Another facet of your touring set up might include a carpet for the stage, if this works for the band.
Meticulously mark the places for various mic stands, wedges, instruments and risers. In this manner your setup is extremely quick and consistent from day to day.
I like to use a Sharpie to mark the outline of everything instead of tape. This keeps it all neat and clean looking as the marks disappear when the pieces are put in place.
Take the extra time to precisely spike the places where monitors wedges will sit. The ability to duplicate the loudspeaker/microphone relationship will help immensely when tuning the wedges, particularly when you are utilizing more than one enclosure in an individual stage location.
Small changes in angles and distance can have big effects on the results at the microphone position.
Color-coded connections on the business side of monitor amp racks. Note the AC connections in the background carrying the same colors to the stage distribution scheme (click to enlarge)
The load-out begins as soon as the truck doors are opened for load-in. Live by it! The minute your gear rolls in to the venue you should be thinking about how you will take advantage of any opportunity to make the installation and strike easy and quick.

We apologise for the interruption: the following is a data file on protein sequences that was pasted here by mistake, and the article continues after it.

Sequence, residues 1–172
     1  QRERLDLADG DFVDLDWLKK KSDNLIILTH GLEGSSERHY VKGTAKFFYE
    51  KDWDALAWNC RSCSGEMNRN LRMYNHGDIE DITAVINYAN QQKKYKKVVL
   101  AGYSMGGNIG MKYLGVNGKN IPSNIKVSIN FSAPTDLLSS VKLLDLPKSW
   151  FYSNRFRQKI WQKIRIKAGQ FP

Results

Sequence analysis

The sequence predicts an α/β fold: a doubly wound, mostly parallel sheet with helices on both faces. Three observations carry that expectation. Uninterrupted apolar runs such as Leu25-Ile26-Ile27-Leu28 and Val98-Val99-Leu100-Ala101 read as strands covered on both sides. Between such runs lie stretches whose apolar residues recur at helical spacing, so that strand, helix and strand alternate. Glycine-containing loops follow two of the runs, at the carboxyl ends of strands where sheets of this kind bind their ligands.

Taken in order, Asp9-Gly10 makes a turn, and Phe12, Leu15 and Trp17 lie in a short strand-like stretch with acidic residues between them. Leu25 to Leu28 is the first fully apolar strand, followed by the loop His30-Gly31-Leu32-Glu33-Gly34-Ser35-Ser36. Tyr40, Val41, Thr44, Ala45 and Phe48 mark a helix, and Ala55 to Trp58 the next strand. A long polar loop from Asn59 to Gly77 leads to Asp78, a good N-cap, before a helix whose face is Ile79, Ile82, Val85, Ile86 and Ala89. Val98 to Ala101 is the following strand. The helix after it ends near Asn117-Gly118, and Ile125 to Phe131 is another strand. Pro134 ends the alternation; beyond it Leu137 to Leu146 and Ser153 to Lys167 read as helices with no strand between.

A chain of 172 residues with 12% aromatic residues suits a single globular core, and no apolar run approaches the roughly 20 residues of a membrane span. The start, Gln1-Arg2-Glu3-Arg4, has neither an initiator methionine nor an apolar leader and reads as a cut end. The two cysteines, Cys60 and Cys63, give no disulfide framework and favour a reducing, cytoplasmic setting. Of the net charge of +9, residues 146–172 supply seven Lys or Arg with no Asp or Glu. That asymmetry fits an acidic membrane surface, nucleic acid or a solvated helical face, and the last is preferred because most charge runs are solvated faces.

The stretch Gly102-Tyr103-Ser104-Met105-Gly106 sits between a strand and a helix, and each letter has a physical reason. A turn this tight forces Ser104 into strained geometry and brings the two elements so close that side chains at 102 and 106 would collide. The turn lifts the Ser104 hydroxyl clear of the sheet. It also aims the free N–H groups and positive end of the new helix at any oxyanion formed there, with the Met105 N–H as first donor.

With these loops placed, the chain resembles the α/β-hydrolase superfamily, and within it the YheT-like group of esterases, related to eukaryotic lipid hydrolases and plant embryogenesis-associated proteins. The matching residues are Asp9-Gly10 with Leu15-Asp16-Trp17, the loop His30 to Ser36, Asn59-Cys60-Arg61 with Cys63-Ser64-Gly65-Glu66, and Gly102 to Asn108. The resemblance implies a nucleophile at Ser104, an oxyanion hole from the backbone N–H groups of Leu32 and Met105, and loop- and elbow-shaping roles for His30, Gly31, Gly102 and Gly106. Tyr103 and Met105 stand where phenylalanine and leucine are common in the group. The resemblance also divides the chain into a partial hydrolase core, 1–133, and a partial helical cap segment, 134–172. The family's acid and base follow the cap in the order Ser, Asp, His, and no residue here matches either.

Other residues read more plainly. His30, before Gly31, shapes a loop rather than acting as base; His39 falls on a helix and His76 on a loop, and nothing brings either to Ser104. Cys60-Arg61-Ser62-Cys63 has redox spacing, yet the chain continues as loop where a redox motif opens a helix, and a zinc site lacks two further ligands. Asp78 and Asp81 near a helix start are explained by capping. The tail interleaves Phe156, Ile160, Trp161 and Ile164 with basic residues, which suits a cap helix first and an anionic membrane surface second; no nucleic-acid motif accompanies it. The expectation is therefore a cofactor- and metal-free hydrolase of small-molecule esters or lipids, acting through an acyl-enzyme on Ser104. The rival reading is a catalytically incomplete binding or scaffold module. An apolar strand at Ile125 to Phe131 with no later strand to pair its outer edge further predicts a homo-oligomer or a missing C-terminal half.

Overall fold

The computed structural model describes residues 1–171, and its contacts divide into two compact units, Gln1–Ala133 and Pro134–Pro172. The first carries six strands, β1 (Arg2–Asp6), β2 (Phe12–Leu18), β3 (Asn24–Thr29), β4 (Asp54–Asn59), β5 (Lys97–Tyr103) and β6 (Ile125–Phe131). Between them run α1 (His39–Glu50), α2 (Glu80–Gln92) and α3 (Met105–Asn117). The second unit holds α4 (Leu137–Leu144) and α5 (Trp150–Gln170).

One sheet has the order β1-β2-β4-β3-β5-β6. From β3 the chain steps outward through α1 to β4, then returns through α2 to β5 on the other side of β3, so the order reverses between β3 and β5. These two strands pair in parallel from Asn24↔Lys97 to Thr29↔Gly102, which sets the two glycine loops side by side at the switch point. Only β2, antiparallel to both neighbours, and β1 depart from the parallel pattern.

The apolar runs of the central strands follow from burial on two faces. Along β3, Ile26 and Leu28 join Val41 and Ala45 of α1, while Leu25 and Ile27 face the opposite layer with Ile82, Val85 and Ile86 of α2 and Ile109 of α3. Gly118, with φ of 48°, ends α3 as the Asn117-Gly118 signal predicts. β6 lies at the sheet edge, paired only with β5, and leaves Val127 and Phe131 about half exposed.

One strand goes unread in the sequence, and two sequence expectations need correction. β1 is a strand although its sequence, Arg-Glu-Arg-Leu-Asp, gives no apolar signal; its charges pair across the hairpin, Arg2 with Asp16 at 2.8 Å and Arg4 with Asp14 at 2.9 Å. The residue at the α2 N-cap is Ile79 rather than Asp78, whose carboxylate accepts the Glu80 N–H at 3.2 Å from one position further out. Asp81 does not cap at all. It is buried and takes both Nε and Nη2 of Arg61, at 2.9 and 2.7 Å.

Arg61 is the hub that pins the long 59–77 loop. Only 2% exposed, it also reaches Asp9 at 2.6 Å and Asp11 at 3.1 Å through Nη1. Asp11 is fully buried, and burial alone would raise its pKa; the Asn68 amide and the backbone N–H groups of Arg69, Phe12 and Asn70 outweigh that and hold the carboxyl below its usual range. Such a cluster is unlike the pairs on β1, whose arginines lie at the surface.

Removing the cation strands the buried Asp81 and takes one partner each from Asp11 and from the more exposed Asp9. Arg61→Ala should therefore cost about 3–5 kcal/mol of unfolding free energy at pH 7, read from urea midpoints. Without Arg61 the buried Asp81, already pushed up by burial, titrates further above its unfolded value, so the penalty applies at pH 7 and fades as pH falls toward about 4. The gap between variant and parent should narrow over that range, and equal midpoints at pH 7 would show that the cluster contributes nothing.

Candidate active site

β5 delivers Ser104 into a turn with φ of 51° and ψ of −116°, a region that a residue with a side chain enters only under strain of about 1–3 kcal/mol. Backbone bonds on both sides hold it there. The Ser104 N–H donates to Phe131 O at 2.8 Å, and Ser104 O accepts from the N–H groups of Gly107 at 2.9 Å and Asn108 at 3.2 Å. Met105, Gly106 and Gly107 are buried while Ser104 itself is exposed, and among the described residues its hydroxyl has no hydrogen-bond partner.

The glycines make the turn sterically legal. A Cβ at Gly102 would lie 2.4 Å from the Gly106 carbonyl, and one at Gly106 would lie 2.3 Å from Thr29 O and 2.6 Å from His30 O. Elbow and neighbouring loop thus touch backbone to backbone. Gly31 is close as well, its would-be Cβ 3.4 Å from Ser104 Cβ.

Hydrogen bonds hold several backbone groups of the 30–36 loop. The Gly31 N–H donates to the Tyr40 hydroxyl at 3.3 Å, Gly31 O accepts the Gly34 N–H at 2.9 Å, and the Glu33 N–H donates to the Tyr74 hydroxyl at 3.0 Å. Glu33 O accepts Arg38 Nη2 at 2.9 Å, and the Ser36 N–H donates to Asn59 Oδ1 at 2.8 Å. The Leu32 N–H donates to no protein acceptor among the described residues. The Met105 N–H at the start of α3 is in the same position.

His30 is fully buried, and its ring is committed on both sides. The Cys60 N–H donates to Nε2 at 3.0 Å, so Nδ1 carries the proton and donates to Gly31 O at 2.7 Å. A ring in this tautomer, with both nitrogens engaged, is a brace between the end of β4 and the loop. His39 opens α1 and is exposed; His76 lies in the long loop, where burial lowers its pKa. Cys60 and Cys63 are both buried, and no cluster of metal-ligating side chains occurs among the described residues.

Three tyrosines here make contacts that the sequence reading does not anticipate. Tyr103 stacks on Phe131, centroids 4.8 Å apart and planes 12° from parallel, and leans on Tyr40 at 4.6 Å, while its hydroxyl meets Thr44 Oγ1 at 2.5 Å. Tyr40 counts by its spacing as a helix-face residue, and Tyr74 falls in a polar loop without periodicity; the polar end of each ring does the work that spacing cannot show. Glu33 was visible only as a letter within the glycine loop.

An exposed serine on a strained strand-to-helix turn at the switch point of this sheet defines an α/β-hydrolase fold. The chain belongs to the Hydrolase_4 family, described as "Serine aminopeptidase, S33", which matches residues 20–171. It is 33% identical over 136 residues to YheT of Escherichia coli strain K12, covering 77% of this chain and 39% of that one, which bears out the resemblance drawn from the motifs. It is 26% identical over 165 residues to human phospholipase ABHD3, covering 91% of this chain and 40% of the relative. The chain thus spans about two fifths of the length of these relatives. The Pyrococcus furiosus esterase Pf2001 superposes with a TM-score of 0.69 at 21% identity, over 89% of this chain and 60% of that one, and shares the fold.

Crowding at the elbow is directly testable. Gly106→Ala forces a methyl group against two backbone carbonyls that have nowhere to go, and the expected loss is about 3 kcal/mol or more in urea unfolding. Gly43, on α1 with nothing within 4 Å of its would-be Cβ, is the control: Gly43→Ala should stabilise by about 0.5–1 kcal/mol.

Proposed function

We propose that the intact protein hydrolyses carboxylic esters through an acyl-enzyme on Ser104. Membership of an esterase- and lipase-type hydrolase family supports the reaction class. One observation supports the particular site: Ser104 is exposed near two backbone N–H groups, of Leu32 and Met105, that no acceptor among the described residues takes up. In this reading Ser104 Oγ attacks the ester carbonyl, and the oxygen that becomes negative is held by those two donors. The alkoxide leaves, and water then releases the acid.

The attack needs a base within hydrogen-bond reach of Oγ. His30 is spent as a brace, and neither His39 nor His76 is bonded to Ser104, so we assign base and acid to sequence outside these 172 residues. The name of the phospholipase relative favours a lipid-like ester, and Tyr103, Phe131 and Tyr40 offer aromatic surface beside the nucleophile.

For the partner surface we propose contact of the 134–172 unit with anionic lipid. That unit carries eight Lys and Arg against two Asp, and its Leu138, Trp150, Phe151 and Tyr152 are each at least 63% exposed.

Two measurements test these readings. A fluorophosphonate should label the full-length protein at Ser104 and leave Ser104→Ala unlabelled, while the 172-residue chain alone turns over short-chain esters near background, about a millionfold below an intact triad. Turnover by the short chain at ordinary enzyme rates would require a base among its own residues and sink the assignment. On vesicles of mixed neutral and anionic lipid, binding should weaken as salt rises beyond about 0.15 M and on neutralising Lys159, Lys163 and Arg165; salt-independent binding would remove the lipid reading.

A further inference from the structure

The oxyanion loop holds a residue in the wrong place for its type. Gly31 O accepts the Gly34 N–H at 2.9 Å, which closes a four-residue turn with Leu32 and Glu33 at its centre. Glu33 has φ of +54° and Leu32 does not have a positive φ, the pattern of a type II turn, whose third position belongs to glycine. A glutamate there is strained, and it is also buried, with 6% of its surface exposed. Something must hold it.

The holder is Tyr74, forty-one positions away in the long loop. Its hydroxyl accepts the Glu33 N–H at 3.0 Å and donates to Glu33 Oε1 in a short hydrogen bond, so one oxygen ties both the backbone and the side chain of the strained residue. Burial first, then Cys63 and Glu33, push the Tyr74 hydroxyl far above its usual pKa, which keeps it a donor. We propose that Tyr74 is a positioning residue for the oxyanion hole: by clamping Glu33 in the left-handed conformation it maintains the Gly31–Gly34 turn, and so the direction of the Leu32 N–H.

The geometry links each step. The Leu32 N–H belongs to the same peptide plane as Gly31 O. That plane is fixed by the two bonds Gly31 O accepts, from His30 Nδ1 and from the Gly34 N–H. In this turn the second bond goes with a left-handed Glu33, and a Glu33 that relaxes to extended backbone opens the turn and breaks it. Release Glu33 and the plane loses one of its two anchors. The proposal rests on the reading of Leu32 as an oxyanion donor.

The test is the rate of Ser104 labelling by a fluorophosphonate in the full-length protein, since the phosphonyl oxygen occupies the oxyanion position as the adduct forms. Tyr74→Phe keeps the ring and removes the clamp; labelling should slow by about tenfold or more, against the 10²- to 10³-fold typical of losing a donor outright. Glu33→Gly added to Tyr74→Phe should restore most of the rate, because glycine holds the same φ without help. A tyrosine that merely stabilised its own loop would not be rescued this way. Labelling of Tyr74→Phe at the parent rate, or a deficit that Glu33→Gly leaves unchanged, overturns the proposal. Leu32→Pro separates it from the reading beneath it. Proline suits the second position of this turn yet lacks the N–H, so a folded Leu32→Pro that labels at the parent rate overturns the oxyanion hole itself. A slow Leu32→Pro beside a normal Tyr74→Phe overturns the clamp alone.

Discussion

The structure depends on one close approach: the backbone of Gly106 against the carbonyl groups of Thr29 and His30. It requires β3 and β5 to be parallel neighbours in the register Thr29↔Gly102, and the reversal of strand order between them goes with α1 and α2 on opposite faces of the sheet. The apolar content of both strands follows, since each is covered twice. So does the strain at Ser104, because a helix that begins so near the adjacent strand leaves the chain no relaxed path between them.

Ramps are very convenient, but they require extra work to move heavy pieces up and down. They may create bottlenecks or hazards that might not be necessary.
On the other hand, forklifts require less muscle, but are notoriously slow in most circumstances. Of course there are always exceptions. Review each situation individually.
Try to keep the bulk of your gear on the same level that it enters the venue. Do not move heavy amp racks up onto the stage, if they roll in at floor level and there is ample room for them to operate there.
Utilize storage space wisely. Keep your accessories (dollies, etc.) and work trunks close to where they are needed for the strike.
Evaluate every situation with safety in mind. Work smart, and it will be plenty fast!
Dan Laveglia is a long-time system engineer who has worked with Showco and Clair Brothers, working with top concert artists.